The Summons

… there is no way to truly have a relationship with God without it impacting the purpose displayed in our living. These tangible fruits of Gods presence come not in perfect holiness, but in a deep willingness to jump into the messiness of life with both feet.

Will you come and follow me if I but call your name? Will you go where you don’t know and never be the same? Will you let my love be shown? Will you let my name be known, will you let my life be grown in you and you in me?

One of my all-time favorite hymns, this first came into my life at a Montreat Youth Conference, like the one from which I have just returned. The lyrics are rich and candid about the relationship and the work to which God calls us. There is honesty of our resistance and there is frankness in our stumbling blocks. The writers know us followers of Christ quite well and expands our vision of how God sees us greatly.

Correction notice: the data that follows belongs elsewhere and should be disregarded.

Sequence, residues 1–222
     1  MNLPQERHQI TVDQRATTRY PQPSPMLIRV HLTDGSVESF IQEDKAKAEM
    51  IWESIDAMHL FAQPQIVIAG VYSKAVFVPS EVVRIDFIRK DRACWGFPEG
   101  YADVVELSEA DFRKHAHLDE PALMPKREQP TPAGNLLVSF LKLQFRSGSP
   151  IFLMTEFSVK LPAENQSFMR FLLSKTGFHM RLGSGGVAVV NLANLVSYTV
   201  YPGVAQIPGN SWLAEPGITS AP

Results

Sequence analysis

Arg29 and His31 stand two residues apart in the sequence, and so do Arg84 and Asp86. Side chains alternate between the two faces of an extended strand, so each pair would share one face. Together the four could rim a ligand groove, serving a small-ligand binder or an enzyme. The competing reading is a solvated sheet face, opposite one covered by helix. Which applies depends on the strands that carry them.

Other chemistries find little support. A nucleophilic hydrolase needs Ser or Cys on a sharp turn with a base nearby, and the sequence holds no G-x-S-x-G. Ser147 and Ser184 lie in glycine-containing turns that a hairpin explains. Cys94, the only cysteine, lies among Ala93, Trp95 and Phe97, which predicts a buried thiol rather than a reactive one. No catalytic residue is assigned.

The beauty of this piece is that is weaves together relationship with purpose. Though much of modern “Christian culture” would likely disagree, there is no way to truly have a relationship with God without it impacting the purpose displayed in our living. These tangible fruits of Gods presence come not in perfect holiness, but in a deep willingness to jump into the messiness of life with both feet. In other words, to answer the summons of God.

So listen now to the words of this hymn and my hope is that you will find the courage to use the final verse as a prayer:

Will you leave yourself behind if I but call your name? Will you care for cruel and kind and never be the same? Will you risk the hostile stare should your life attract or scare? Will you let me answer prayer in you and you in me?

Will you let the blinded see if I but call your name? Will you set the prisoners’ free and never be the same? Will you kiss the leper clean and do such as this unseen, and admit to what I mean in you and you in me?